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    Okay, thanks to all for some more great pointers and advice I've now forgotten the idea of using pdf for smartphones or portable e-readers, so what I've done now is this. I re-saved the original OO files (.odt) to .doc format (word 97-03)and the formatting is practically the same. I'm now going to convert those directly to epub/mobi using calibre, so that's my next mini plan. BTW found this seemingly easy way of converting pdf/doc to kindle format here >

  21. #21
    practical experience, FTW WriterBN's Avatar
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    Keep in mind the prime directive for any "pushbutton" conversion from one format to another: garbage in, garbage out.

    In other words, make sure the source document is formatted as perfectly as possible before converting anything. For word processing software, that means strict use of paragraph styles for everything (no tabs or spaces for indents, no empty lines between paragraphs, etc.). I highly recommend reading the free Smashwords style guide, even if you don't plan to publish through them.

    Also, if you publish through KDP, Draft2Digital, or Smashwords, you can upload a properly formatted .doc file directly.
    Last edited by WriterBN; 01-06-2018 at 10:06 PM.

  22. #22
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    Epubs can be read on desktop computers, for free, with Adobe Digital Editions. I'd stay away from MOBI; PC users almost always do not have software to read MOBI documents. To maximize interest, Epub. I'd do PDF for things like textbooks.

  23. #23
    New Fish; Learning About Thick Skin ajenery's Avatar
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    Quote Originally Posted by WriterBN View Post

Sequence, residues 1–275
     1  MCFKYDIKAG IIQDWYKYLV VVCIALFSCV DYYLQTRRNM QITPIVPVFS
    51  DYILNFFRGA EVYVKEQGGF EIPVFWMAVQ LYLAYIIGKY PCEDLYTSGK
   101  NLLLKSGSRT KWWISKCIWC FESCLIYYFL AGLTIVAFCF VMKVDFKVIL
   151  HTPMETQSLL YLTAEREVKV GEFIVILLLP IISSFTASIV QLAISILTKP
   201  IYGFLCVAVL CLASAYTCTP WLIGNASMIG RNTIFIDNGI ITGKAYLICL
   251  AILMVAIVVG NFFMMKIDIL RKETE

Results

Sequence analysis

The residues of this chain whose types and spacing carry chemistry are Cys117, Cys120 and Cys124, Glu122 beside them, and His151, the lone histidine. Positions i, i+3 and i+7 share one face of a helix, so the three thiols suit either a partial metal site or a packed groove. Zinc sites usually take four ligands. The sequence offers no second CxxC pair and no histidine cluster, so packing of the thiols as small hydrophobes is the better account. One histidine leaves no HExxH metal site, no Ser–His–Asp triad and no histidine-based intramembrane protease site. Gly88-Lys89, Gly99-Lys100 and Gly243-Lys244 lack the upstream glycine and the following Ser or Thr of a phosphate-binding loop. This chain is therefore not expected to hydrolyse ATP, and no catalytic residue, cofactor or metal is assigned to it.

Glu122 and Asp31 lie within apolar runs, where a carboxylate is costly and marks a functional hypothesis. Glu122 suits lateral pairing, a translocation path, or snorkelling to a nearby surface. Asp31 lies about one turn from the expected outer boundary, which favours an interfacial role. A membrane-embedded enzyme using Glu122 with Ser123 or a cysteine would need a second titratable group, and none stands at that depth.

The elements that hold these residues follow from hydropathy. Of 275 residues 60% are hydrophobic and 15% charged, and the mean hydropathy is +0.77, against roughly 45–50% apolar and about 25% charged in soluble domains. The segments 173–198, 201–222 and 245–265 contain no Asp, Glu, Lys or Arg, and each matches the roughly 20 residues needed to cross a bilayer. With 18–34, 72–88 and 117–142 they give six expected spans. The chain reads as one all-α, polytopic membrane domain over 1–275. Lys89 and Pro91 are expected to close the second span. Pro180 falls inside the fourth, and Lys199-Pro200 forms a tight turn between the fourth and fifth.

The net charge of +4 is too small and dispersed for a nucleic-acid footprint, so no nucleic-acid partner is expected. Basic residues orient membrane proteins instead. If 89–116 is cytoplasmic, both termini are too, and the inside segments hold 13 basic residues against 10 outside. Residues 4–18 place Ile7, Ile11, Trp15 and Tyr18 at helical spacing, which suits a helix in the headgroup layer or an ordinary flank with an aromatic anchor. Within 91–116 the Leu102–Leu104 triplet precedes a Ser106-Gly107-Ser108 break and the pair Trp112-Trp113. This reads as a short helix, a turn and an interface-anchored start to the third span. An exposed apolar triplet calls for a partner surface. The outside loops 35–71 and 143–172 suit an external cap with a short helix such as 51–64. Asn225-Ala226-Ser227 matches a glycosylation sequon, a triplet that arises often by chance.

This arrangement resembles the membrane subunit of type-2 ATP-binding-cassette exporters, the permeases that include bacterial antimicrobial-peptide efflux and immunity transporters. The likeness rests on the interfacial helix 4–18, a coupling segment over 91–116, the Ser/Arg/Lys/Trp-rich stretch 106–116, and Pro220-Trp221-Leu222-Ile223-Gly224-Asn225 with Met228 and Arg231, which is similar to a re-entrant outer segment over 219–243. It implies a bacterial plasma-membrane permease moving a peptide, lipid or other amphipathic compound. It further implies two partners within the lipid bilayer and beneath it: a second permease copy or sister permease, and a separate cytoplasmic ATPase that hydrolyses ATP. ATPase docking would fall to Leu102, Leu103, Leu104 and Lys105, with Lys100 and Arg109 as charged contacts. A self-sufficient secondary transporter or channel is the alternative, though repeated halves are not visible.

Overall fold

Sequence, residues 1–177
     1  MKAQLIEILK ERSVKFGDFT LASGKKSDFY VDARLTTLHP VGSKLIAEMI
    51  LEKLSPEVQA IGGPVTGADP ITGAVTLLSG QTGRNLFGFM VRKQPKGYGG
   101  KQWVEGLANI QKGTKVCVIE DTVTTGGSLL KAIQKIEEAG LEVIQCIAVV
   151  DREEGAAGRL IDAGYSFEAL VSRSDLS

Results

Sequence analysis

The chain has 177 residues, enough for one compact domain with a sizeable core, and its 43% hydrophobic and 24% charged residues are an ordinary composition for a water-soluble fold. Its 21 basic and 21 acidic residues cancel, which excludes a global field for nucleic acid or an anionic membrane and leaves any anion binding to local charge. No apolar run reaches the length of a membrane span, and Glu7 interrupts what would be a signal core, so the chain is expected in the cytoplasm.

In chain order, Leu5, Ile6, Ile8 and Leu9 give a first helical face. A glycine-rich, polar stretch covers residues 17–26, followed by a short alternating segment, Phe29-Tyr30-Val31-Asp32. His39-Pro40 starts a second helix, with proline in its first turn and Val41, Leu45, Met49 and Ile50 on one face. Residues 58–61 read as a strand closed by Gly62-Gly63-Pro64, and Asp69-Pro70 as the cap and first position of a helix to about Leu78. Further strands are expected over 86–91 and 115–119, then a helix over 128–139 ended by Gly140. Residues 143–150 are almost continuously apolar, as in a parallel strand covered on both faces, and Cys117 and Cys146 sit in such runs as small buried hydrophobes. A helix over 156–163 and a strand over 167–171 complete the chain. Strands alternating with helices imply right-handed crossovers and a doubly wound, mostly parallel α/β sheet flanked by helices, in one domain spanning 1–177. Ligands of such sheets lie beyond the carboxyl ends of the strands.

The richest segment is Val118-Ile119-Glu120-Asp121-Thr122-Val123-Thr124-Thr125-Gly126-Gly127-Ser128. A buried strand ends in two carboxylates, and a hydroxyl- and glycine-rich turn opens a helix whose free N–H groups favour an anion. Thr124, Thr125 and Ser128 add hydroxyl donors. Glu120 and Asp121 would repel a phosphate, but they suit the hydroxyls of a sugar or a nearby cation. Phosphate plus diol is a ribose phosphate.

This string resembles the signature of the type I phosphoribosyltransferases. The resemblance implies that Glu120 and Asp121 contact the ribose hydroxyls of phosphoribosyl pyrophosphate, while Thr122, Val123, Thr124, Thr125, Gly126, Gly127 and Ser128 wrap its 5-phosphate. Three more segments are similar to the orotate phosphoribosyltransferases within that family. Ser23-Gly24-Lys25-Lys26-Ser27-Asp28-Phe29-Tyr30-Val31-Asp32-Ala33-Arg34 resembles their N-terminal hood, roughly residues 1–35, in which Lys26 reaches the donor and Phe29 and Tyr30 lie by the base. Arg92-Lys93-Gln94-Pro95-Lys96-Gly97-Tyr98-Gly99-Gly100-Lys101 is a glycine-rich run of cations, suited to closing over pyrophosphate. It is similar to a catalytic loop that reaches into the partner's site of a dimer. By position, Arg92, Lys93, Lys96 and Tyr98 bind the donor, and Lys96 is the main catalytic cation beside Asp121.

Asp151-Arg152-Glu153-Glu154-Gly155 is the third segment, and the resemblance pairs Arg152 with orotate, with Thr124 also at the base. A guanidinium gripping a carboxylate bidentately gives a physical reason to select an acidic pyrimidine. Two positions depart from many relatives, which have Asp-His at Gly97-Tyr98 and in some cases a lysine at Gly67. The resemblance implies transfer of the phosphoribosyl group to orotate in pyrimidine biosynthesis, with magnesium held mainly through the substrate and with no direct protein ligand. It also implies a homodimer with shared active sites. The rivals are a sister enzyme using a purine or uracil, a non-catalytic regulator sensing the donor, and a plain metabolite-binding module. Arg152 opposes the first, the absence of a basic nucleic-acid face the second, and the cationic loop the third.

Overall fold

Keep in mind the prime directive for any "pushbutton" conversion from one format to another: garbage in, garbage out.

    In other words, make sure the source document is formatted as perfectly as possible before converting anything. For word processing software, that means strict use of paragraph styles for everything (no tabs or spaces for indents, no empty lines between paragraphs, etc.). I highly recommend reading the free Smashwords style guide, even if you don't plan to publish through them.

    Also, if you publish through KDP, Draft2Digital, or Smashwords, you can upload a properly formatted .doc file directly.
    I never use tabs but must admit didn't know that you shouldn't use spaces for indents. So, I take it then that I should either use left justified and no spaces or fully justified (left, right) and no spaces? As to empty lines between paragraphs, I do this as well after every four or so paras, otherwise the text looks too blocky imho.

  24. #24
    New Fish; Learning About Thick Skin ajenery's Avatar
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    Quote Originally Posted by Enlightened View Post
    Epubs can be read on desktop computers, for free, with Adobe Digital Editions. I'd stay away from MOBI; PC users almost always do not have software to read MOBI documents. To maximize interest, Epub. I'd do PDF for things like textbooks.
    Yea, I should have clarified a bit - I meant convert to epub/mobi for smartphones and e-reader use, not for pc, although I didn't know you can view epubs on pc, so thanks for saying. For pc or any system with a bigger screen I'd also use pdf.
    Last edited by ajenery; 01-07-2018 at 08:40 AM. Reason: typos

  25. #25
    practical experience, FTW benbenberi's Avatar
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    Quote Originally Posted by Enlightened View Post
    Epubs can be read on desktop computers, for free, with Adobe Digital Editions. I'd stay away from MOBI; PC users almost always do not have software to read MOBI documents. To maximize interest, Epub. I'd do PDF for things like textbooks.
    There's a free Kindle app for desktop use, so there's absolutely no problem if someone wants to read a mobi on a pc. There are also other apps (like Calibre) that can read mobi files but not necessarily Amazon's new proprietary version -- which if you're self-dubbing is not so much of an issue.

    Also, keep in mind that a large majority of e-readers are Kindles.

    You definitely DO want to make your books available in MOBI format.